My Design Process
When facing a new design challenge, I use the following process to guide my thinking.
It starts with a problem.
I think of design as a tool for problem solving. Problems may be simple or complex, trivial or meaningful but they always have an impact on real human people. Design is a means of addressing those problems in ways that satisfy, motivate, or even delight users.
Related: Simon Sinek's TED Talk: Start With Why—one of my favorites.
Step 1: Research and Pre-Work
Once I understand the problem at hand, I do some due diligence to make sure I understand the issue and industry. This can vary widely depending on the project. What does the current state look like? What are competitors doing? What are trends in the industry? What is the overall climate of the market? Is this similar to any past work I have done?
Where appropriate, I may perform deeper research through surveys, interviews, or structured user observations. Or, those activities may become viable after Visioning and Ideation when we have a deeper understand of the business problem.
Step 2: Visioning and Ideation
When working with clients, I find it is beneficial to perform an on-site brainstorming session—a Visioning Session—with the relevant users and stakeholders. This allows the team to get all of their ideas and opinions out on the table, and align quickly on priorities. After the in-person session is complete, ideation continues as the team has time to process all of the input
The steps of this on-site Visioning Session are as follows:
In the spirit of user-centered design, I always start these sessions with a persona development exercise to understand who we are building for. Who are they? What are their high-level goals? What challenges do they have? Are they comfortable with technology? In what context will they use this solution? How do they feel about it?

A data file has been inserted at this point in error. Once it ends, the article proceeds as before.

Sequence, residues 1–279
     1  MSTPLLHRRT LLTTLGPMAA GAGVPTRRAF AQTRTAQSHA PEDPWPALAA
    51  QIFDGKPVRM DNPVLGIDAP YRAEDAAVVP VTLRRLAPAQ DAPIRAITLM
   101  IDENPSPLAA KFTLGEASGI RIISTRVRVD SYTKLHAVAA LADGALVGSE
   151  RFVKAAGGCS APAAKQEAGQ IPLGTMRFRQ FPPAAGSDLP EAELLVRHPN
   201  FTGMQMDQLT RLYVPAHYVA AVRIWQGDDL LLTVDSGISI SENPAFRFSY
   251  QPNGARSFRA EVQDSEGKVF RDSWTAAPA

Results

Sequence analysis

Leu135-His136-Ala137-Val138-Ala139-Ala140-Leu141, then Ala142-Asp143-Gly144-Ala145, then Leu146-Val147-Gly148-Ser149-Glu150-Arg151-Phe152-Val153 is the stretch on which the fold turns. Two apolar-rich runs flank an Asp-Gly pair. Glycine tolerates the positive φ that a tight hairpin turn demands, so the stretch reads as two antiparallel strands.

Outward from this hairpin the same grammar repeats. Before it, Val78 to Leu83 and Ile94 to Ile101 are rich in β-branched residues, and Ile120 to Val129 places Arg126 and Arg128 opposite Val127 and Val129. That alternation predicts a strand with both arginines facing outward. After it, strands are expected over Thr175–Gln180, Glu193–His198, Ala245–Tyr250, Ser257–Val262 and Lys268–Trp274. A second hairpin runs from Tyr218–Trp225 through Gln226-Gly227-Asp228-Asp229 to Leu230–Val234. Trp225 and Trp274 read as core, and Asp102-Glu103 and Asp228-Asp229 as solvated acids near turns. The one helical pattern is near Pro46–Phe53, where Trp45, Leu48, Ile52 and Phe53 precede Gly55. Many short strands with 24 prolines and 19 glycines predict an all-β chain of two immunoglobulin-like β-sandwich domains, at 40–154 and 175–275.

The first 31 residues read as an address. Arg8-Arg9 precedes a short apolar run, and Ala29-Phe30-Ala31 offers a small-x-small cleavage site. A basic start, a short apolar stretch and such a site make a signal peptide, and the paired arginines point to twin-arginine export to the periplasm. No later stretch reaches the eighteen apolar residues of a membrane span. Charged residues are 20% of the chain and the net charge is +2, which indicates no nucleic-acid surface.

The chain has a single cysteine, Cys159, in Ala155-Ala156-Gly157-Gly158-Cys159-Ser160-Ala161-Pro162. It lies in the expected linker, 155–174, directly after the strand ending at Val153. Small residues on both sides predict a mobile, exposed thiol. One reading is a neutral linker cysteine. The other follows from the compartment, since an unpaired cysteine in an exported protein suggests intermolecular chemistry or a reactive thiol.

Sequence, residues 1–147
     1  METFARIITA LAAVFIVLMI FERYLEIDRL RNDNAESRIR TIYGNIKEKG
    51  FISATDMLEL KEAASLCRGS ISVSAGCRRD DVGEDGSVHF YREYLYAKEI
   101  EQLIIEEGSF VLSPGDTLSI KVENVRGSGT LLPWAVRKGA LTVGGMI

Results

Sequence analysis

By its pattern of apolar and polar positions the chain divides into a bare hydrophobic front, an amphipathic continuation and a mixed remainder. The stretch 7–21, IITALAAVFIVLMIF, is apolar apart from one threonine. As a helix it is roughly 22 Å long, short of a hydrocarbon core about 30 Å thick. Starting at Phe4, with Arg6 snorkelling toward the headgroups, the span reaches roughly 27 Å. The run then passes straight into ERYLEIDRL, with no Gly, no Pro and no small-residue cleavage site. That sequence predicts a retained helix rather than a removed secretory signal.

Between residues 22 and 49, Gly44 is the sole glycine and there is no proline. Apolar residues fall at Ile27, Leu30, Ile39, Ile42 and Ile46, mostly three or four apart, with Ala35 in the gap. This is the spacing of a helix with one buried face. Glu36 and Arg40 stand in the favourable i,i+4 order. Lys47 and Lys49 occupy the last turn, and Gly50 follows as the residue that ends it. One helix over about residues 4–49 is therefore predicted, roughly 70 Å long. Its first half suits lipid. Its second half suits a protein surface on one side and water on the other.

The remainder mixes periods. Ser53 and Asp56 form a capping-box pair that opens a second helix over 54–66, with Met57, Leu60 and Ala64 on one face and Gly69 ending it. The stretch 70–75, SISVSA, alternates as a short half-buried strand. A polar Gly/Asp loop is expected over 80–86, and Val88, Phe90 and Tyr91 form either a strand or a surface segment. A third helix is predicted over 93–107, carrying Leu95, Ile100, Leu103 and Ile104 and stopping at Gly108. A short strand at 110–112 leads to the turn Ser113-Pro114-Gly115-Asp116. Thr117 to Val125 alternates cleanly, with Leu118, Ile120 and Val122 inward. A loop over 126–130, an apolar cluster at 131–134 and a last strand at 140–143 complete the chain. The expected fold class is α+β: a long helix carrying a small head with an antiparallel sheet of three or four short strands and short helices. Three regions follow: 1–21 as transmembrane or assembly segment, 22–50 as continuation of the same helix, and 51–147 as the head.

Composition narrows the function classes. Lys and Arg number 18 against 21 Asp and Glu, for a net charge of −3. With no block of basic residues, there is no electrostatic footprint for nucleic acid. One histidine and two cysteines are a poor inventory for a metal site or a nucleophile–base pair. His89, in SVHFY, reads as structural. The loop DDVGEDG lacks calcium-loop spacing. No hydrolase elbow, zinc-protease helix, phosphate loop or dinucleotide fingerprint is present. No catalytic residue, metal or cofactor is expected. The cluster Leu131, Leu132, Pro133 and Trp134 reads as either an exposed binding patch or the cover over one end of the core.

After learning who the users are, we want to get tactical and understand what it is they aim to accomplish in the context of the problem at hand. In some cases, this will be a set of tasks they want to perform; in others, it will be information they want to consume. As much as possible, I push clients with "why." Asking why helps us get to the root of the issue so that our solution addresses that genuine root, rather than some systematic side effect that the client thinks is the true problem.
User Flow and Early Sketching
During the visioning session, I try to take the time to do a little bit of on-the-fly sketching and organization of thoughts with clients so they begin to see how the process produces results. Organizing the User Goals into logical groupings can help establish a draft user flow. Picking one of the User Goals or a node from the User Flow affords a great starting point for a dashboard or a flow that we can begin thinking about.
Step 3: Wireframe Creation, Iteration, and Prototyping
After analyzing the problem, gathering input from users, and assembling a draft user flow, it's time to begin wireframes. I usually gut-check my ideas with super rough sketches. I find that if I make my sketches "too pretty" I can get attached to the idea, which can prevent me from stepping back and looking at the design in a different way.
The key to wireframes is quick iteration and constant feedback. I like to encourage clients to keep open minds about viewing rough sketches and incomplete work because it helps us get to the right design so much faster.
I am also a big proponent of pulling wireframes into Invision for prototyping as early as possible. See tools in context makes all the difference in assessing nuanced interactions.